Earth and Atmospheric Sciences, Department of



Tim R. Naish, Institute of Geological and Nuclear Sciences (Lower Hutt, New Zealand)
Ken J. Woolfe, James Cook University
Peter J. Barrett, Vistoria University of Wellington
Gary S. Wilson, University of Oxford
Cliff Atkins, Vistoria University of Wellington
Steven M. Bohaty, University of Nebraska-Lincoln
Christian J. Bücker, RWE-DEA AG (Hamburg, Germany)
Michele Claps, North Caspian Operating Company (The Hague, Netherlands)
Fred J. Davey, Institute of Geological and Nuclear Sciences (Lower Hutt, New Zealand)
Gavin B. Dunbar, James Cook University
Alistair G. Dunn, National Institute of water and Atmospheric Research (Wellington, New Zealand)
Christopher R. Fielding, University of QueenslandFollow
Fabio Florindo, University of Southampton
Michael J. Hannah, Vistoria University of Wellington
David M. Harwood, University of Nebraska-LincolnFollow
Stuart A. Henrys, Institute of Geological and Nuclear Sciences (Lower Hutt, New Zealand)
Lawrence A. Krissek, Ohio State University
Mark Lavelle, British Antarctic Survey
Jaap van der Meer, University of London
William C. McIntosh, New Mexico Institute of Mining and Technology
Frank Niessen, Alfred-Wegener-Institute
Sandra Passchier, Ohio State University
Ross D. Powell, Northern Illinois University
Andrew P. Roberts, University of Southampton
Leonardo Sagnotti, Istituto Nazionale di Geofisica e Vulcanologia (Roma, Italy)
Reed P. Scherer, Northern Illinois University
C. Percy Strong, Institute of Geological and Nuclear Sciences (Lower Hutt, New Zealand)
Franco Talarico, Università degli Studi di Siena
Kenneth L. Verosub, University of California - Davis
Giuliana Villa, Università degli Studi di Parma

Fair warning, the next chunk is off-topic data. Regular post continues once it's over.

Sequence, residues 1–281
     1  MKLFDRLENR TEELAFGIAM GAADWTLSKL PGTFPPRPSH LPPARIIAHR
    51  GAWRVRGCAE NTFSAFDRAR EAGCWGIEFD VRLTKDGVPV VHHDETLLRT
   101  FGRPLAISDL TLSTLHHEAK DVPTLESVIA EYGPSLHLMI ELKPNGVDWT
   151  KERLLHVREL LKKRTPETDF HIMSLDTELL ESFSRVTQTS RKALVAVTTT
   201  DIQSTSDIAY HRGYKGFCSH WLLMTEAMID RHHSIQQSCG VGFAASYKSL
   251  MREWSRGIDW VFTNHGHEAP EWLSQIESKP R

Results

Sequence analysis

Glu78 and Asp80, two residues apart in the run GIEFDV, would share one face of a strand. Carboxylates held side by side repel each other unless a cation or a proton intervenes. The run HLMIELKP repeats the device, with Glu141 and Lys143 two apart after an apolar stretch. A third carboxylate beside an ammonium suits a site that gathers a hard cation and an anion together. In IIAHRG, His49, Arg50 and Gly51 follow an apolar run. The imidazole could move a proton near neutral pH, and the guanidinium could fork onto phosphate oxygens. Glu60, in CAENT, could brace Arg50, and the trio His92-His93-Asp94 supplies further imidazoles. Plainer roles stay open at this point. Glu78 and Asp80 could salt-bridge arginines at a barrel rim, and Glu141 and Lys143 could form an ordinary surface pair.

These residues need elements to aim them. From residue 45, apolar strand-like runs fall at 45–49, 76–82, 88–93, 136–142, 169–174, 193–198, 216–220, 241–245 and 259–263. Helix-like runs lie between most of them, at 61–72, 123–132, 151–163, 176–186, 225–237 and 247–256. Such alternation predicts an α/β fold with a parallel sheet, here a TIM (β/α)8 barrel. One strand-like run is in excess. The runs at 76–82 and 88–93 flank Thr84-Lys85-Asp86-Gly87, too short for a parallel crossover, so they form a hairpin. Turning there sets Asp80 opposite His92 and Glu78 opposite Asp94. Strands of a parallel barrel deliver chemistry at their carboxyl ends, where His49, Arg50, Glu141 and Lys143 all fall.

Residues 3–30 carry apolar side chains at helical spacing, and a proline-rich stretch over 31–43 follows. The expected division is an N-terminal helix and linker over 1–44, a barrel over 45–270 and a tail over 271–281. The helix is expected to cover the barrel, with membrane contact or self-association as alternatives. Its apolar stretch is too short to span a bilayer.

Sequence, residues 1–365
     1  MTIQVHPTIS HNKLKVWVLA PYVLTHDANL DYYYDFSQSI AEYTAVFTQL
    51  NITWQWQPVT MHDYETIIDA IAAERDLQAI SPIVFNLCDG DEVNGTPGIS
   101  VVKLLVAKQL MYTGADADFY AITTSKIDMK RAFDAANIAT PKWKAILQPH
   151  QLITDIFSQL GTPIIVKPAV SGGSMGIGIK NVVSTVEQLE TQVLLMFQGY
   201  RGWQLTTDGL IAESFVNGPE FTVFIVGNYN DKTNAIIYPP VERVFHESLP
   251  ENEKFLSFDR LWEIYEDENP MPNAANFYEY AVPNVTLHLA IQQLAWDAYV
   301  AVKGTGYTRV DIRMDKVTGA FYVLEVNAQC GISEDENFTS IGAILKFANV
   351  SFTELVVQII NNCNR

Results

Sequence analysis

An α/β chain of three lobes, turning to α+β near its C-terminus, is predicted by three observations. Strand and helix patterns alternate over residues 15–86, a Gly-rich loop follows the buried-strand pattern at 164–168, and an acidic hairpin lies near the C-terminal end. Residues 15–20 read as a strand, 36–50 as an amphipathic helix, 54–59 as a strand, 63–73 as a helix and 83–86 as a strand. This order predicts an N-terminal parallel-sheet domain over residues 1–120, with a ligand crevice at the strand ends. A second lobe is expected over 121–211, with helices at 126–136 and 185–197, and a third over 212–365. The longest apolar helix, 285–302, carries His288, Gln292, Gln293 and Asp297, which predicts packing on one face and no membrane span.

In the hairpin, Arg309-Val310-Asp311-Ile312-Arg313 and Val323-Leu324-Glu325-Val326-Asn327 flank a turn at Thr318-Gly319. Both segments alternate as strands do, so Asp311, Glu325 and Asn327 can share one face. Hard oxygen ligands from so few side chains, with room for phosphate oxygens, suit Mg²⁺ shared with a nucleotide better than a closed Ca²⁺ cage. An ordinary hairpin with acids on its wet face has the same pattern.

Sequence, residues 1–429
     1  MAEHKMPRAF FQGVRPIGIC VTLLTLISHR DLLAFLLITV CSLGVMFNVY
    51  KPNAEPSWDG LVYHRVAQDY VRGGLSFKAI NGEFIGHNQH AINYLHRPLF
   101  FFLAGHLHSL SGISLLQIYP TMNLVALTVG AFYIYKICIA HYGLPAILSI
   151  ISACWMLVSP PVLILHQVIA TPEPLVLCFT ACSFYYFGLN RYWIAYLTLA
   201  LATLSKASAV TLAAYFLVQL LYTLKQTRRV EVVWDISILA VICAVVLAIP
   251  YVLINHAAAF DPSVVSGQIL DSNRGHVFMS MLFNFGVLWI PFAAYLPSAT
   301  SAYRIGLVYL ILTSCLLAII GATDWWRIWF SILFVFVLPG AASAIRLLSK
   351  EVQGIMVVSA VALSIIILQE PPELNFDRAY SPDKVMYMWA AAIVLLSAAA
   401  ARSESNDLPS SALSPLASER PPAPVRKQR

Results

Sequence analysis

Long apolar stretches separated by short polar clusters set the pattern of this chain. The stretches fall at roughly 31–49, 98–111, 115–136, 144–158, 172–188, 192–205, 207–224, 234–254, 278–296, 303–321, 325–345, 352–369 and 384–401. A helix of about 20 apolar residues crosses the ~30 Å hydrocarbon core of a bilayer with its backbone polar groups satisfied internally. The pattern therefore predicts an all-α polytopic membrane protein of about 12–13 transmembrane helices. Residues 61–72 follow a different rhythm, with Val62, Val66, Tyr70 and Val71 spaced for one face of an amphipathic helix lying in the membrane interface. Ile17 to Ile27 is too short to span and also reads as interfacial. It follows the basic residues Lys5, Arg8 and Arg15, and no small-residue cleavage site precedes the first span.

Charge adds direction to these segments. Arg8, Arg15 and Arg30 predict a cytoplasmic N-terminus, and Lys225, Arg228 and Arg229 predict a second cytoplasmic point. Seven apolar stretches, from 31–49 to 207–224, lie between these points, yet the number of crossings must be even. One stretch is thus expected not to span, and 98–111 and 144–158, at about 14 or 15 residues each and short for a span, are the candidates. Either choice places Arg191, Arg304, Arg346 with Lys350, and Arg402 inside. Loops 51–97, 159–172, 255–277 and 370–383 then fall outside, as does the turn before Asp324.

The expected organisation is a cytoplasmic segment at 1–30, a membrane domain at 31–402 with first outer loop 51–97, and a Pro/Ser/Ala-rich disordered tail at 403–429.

David K. Watkins, University of Nebraska-LincolnFollow
Peter-N. Webb, Ohio State University
Thomas Wonik, Institut für Geowissenschaftliche Gemeinschaftsaufgaben

Date of this Version



Published in Nature (October 18, 2001) 423: 719-723.


Between 34 and 15 million years (Myr) ago, when planetary temperatures were 3-4°C warmer than at present and atmospheric CO2 concentrations were twice as high as today, the Antarctic ice sheets may have been unstable. Oxygen isotope records from deep-sea sediment cores suggest that during this time fluctuations in global temperatures and high-latitude continental ice volumes were influenced by orbital cycles. But it has hitherto not been possible to calibrate the inferred changes in ice volume with direct evidence for oscillations of the Antarctic ice sheets. Here we present sediment data from shallow marine cores in the western Ross Sea that exhibit well dated cyclic variations, and which link the extent of the East Antarctic ice sheet directly to orbital cycles during the Oligocene/Miocene transition (24.1-23.7 Myr ago). Three rapidly deposited glaci-marine sequences are constrained to a period of less than 450 kyr by our age model, suggesting that orbital influences at the frequencies of obliquity (40 kyr) and eccentricity (125 kyr) controlled the oscillations of the ice margin at that time. An erosional hiatus covering 250 kyr provides direct evidence for a major episode of global cooling and ice-sheet expansion about 23.7 Myr ago, which had previously been inferred from oxygen isotope data (Mi1 event).